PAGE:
NOT long after the sudden birth and even more sudden demise of the European Super League (ESL), a number of the clubs in the ill-fated cartel, notably the American-owned Premier League clubs, became the centre of speculation over their future ownership.
Quickly, it became known that the Glazer family, who had previously said they wouldn't take a penny less than £4bn for Manchester United from any prospective owner, are now willing to soften their stance to any new bidders in the wake of the fallout from the ESL tripping up over its laces.
This was followed by the revelation that Liverpool owners, Fenway Sports Group (FSG), had rejected a bid of £3bn for the club from a Middle East investor prior to the ESL debacle. Raising speculation that in light of the hate and vitriol the owners have since endured from the fans, that FSG might reconsider their position with regards selling the Merseyside giant.
But the clearest indication of a genuine ownership bid came from Arsenal when music tech guru Daniel Ek claimed he intended to make a bid for the north London behemoth.
So serious is this bid from the Spotify co-founder, that Ek had apparently enlisted the services of club legends Thierry Henry, Dennis Bergkamp and Patrick Viera to help him prepare the package he hopes will prove acceptable to Arsenal's American owners, the Kroenke family.
The Kroenkes were quick to reject the bid and announced their commitment to the club but that may be tested in the coming weeks as the fallout from the ESL mess continues to see Gunner fans take aim at their American owners. Not to mind the potential retribution from Uefa and Premier League still to come for all six English ESL clubs.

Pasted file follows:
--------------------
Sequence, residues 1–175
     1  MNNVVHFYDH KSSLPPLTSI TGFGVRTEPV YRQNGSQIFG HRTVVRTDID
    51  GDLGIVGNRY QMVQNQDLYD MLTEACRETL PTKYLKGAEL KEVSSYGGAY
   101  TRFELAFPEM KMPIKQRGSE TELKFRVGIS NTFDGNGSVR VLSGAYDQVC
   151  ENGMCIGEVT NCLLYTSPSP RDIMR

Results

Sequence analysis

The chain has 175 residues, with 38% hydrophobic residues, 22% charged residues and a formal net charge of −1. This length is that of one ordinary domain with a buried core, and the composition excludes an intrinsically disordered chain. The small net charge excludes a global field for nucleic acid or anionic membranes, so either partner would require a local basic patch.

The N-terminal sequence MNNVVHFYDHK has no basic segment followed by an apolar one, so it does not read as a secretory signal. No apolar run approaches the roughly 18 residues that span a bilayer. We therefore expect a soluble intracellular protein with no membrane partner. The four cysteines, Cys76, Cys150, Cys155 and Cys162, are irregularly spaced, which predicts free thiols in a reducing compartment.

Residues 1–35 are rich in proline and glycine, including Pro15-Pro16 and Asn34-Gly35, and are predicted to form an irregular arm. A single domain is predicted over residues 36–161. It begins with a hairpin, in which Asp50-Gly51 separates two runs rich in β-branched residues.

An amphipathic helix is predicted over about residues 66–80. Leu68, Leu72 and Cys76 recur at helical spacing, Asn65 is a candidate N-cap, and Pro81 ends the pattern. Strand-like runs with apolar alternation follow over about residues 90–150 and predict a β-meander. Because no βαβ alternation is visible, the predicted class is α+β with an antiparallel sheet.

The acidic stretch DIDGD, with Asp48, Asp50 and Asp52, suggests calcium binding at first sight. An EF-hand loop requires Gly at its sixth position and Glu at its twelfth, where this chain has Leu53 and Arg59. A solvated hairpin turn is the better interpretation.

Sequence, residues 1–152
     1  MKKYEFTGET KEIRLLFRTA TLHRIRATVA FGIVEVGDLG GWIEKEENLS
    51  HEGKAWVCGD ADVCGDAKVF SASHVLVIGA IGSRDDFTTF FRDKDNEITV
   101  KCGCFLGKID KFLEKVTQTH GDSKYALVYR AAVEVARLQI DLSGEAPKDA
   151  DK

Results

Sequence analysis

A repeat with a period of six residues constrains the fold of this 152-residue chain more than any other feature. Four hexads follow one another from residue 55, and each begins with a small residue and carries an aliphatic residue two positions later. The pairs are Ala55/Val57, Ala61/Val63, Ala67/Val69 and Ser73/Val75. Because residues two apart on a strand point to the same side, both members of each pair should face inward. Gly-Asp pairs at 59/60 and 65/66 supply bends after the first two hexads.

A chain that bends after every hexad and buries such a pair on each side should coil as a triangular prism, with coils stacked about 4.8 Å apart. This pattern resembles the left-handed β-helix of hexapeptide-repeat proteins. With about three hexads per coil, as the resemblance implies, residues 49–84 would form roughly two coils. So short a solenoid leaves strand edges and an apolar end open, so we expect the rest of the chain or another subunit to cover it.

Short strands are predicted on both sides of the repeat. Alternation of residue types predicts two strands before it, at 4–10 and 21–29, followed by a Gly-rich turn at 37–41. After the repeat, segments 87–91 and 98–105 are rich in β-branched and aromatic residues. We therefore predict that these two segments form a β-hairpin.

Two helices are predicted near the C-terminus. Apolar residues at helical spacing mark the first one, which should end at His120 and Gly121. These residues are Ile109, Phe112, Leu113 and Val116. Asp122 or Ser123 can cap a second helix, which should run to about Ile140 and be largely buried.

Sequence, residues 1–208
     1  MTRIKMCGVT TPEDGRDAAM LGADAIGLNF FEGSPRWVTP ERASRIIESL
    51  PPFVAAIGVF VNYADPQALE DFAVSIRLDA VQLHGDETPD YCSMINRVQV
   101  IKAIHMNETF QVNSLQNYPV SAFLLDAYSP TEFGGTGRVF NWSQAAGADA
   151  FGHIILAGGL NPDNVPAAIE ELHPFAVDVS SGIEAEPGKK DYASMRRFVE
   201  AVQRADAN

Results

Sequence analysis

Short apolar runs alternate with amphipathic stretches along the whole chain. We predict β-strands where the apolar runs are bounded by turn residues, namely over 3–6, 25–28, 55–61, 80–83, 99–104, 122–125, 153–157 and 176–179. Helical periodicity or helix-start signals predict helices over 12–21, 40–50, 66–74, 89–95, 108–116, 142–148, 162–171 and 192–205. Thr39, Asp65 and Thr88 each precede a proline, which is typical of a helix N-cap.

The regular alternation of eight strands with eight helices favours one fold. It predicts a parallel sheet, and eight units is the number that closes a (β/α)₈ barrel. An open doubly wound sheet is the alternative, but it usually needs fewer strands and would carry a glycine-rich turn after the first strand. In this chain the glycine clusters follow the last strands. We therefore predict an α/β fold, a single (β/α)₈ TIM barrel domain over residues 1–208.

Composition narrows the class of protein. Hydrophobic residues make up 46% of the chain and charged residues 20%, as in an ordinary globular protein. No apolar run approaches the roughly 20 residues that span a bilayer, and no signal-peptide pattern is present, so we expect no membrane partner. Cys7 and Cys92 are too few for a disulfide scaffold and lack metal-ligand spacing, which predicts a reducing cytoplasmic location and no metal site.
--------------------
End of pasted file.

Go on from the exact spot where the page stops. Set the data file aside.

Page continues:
Maybe the time will soon come right for the Kroenkes to hit skip on their ownership aspirations and say, "to Ek with it, let's sell it to the Spotify lad".
Whichever way it ends up, it gets you thinking, should the Ek bid be successful, what characteristics from his Spotify world would he bring to his tenure at Arsenal?
Will matches become streaming events? Will stadiums become known as platforms? Of course, if we go down that route then substitutions will henceforth have to be known as shuffles, defeats will be skips, draws will be loops, and victories will have to be referred to as successful downloads.
The good news will be that you will be able to watch the matches, sorry streaming events, without paying a subscription fee but you will have to put up with a soothing voice interrupting the commentary every 10 minutes reminding you that you wouldn't have to listen to the interruption from the soothing voice every 10 minutes if you'd just pay for the premium subscription.
The big fear for the Arsenal players though will be pay. Should the new owners pay the players the same way Spotify pay music performers then we could see amounts like 30c for a corner, 50c for a pass, a euro for a header, a euro fifty for an interception, €2 for a successful tackle and €3 for an assist. €5 for a goal? Can't see the players standing for that.
And will the club just delete a player/performer if they receive enough criticism about them from the fans? Actually, a lot of fans might like that situation.
And what of the other five English members of the ESL? What social media platform owner would suit their profile?
Well, Man United would have to be Facebook, wouldn't they? The biggest with the most followers. Wielding a lot of influence, but not taken as seriously as it once was in its heyday.
Liverpool are Twitter, growing strong once their American owner found a way to make their huge fanbase pay. They look good but just can't help putting their foot in it just when everything is going well.
Chelsea are WhatsApp.They let on they are the platform of the people but Russian influence has eroded their believability and it's all become a bit sinister now.
Man City? Well, they are bound to be Facebook's pretty cousin Instagram. Lots of money on show and extremely elegant, even beautiful. They look like a club with plenty influence, but deep down everyone knows they are just splashing the cash in a gaudy grab to be taken seriously. There is an emptiness behind what they sacrificed to gain respect in the game.
As for Spurs? Well, they are MySpace...